Additionally, traditional bivy sacks can let moisture in as they are open at the face. Either you get wet or try and pull the sack tightly around your face leaving only enough space to breathe. This created claustrophobia for many users, and the bivy shelter somewhat eliminates this issue.
Location: Can You Even Put up a Tent?
Depending on your adventure, you may find yourself sleeping on a mountain’s edge or on terrain that has limited flat space. In these instances, there is nowhere to pitch your tent. Likewise, if you’re exploring rock caves or snow caves, then a bivy sack might be your only option for weatherproofing your sleeping bag due to the lack of vertical space.
If you’re sleeping in urban areas, e.g., while on a long bike ride, then legally, you will be able to sleep in a bivy. Laws exist that prevent tents from being pitched in these areas to discourage the practice in the homeless population.
Need More Space? Choose a Tent
Many solo campers opt for a tent during their trip to have more space. This is a growing trend as the cost of ultralight tents is decreasing.
Unlike a bivy, you can sit in your tent to read, bathe, or change clothing. Provided you are not using a flame, you can eat your meals inside a tent, too, knowing the circulating bugs won’t have access to it.
Tents are also considerably easier to get in and out of as they have a door. The space offered by a tent also reduces the feeling of claustrophobia considerably as you can move in the increased headspace. A bivy sack can feel a bit like sleeping in a body bag.
Combined, these benefits can make the camping experience far more enjoyable and will likely result in a better night’s sleep. If you’re going on a multi-day camping trip, then these benefits should not be ignored.
Security of a Tent
Humans need to feel safe to rest effectively. While some may never feel secure in a tent, it is considered safer than a bivy sack. There are many elements to this increased safety, including naturally occurring and man-made ones.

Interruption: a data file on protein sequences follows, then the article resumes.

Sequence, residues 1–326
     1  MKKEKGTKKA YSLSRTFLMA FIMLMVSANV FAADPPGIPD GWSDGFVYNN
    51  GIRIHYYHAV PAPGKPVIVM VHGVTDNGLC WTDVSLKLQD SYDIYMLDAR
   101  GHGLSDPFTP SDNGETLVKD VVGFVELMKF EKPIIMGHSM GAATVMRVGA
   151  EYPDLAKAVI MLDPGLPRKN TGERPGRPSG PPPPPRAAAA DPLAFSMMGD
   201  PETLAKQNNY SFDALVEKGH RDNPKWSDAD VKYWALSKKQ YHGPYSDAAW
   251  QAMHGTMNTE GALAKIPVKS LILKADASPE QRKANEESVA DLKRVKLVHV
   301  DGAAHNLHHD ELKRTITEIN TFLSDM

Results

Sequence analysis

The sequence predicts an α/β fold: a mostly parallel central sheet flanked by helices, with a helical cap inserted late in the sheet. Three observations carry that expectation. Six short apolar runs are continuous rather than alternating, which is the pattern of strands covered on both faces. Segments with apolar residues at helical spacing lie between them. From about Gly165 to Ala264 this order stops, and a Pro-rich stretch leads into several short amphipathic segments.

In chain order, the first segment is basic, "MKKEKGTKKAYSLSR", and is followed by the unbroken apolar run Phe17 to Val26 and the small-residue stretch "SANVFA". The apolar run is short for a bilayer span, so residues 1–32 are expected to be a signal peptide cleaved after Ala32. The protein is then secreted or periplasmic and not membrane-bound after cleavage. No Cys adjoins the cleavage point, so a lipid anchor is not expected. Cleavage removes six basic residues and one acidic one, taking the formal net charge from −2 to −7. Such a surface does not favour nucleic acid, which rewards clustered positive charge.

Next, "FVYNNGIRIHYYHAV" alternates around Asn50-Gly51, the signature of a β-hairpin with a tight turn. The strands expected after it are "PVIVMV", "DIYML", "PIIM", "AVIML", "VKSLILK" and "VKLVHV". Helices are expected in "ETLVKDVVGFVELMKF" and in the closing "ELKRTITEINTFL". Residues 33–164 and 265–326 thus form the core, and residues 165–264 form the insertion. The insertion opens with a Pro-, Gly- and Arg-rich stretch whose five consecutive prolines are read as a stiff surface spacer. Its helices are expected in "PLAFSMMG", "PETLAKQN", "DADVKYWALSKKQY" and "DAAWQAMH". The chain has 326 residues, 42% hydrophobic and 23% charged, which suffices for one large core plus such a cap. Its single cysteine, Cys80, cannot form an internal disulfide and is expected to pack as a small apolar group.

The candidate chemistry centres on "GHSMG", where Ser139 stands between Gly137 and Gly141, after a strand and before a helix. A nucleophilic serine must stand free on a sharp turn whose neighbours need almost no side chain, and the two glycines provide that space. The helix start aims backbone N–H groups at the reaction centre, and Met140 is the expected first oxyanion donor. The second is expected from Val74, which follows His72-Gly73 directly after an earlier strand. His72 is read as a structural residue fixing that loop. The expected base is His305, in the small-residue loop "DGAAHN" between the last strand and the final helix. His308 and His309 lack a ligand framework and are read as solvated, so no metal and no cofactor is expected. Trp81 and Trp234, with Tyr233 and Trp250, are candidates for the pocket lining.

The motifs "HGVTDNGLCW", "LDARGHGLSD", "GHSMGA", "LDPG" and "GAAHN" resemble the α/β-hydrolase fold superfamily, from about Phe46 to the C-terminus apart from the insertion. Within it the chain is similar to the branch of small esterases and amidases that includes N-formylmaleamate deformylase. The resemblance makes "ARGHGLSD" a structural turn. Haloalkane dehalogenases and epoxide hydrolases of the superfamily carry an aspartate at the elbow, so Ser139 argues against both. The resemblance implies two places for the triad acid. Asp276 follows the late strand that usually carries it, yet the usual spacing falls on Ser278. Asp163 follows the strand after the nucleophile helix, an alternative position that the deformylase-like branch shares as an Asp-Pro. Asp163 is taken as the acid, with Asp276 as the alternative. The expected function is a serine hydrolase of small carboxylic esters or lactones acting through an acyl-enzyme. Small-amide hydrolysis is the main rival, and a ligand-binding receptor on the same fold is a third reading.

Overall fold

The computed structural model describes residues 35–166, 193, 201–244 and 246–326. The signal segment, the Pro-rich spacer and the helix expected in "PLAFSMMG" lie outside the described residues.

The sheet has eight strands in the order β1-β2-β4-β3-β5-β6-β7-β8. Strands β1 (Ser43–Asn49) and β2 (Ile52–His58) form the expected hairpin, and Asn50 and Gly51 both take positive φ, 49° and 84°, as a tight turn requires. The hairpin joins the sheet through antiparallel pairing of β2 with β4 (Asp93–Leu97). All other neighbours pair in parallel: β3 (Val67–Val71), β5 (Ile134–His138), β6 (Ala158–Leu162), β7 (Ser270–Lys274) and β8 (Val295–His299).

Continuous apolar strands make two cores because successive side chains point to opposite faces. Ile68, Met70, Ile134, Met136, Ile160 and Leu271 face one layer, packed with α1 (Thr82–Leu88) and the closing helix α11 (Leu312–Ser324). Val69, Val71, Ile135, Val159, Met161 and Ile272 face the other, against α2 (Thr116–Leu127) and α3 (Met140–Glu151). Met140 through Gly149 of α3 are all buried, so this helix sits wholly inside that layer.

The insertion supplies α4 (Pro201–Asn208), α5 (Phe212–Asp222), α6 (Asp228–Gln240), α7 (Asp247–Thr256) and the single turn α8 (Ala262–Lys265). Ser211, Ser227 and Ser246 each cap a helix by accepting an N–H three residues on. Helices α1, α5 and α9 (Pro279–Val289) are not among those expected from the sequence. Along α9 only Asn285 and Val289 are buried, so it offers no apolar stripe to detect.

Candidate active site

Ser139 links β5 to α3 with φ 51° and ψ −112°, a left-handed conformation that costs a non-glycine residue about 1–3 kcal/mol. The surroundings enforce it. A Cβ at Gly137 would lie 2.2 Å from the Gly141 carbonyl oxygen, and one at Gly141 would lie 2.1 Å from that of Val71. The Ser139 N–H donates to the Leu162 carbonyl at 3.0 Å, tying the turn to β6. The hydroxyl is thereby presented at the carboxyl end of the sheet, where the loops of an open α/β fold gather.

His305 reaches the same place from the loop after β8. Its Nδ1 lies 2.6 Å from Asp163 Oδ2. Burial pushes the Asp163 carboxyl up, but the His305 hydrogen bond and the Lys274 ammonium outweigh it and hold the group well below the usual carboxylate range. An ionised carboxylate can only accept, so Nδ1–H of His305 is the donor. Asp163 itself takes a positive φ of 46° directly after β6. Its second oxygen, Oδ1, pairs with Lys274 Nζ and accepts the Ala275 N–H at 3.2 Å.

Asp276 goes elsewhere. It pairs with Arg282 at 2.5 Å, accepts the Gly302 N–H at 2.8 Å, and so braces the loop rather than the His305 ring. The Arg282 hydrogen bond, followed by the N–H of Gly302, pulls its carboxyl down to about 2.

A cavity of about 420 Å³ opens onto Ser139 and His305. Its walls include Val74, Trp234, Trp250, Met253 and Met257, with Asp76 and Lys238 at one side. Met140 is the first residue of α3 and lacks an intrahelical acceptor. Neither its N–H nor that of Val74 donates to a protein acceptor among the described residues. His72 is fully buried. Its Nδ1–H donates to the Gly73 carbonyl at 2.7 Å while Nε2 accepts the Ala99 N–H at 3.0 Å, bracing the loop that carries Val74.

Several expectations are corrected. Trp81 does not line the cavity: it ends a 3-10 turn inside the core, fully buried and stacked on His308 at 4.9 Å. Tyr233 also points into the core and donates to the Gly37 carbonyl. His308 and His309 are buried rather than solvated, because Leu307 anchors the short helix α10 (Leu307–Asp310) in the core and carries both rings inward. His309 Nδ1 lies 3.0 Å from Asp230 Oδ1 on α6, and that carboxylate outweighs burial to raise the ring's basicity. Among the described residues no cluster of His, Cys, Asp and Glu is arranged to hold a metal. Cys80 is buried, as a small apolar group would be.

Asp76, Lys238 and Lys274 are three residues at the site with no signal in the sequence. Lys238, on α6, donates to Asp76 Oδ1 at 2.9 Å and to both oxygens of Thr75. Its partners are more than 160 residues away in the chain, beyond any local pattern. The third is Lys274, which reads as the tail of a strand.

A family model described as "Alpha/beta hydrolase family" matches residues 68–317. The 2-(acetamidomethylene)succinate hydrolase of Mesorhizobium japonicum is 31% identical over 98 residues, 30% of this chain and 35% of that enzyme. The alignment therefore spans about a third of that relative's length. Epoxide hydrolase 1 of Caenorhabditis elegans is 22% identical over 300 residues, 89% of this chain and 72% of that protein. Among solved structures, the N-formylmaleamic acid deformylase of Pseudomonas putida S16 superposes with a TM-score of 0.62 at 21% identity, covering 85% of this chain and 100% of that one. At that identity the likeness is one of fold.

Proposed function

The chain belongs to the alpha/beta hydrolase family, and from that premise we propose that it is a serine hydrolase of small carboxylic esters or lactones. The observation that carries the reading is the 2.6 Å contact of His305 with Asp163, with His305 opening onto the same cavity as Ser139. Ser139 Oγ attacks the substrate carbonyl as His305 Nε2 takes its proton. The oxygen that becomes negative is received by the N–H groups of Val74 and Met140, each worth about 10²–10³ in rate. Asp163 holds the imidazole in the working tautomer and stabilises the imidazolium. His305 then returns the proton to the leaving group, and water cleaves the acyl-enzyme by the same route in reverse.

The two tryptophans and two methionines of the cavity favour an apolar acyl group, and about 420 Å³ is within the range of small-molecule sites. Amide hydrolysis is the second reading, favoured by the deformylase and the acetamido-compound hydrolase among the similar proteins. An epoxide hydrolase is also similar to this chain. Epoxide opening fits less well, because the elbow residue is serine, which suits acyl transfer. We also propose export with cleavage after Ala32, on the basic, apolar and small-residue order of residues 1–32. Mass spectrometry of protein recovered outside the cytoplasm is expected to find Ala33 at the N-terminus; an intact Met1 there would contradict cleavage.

A tent is far better at protecting you from wildlife than a bivy sack – especially a traditional one where your face is open to the air. If you are camping in bear country, you may be worried about them attacking you.
Although the data isn’t conclusive, it is generally considered that a tent will protect you better from bears. It is believed the size of the structure is offputting. However, bear attacks are extremely rare if the bear isn’t provoked.
Tents irrefutably do protect you better from smaller creatures, though. While sleeping in your bivy, you can feel mice, scorpions, and even snakes traverse your body. Your open face makes you far more vulnerable to being bitten or waking with companions in your sack.
Conversely, a tent is harder to penetrate, and you can sleep away from the edges, so you don’t feel nature rushing past. Even a squirrel foraging nearby can be frighting in a bivy sack.
You have greater protection from the weather too. Riding out a storm in a bivy sack or shelter can be a harrowing experience. In a tent, you will remain dry in the wildest of storms. Tents can also be rated for four seasons, making them appropriate during snowfall and high winds.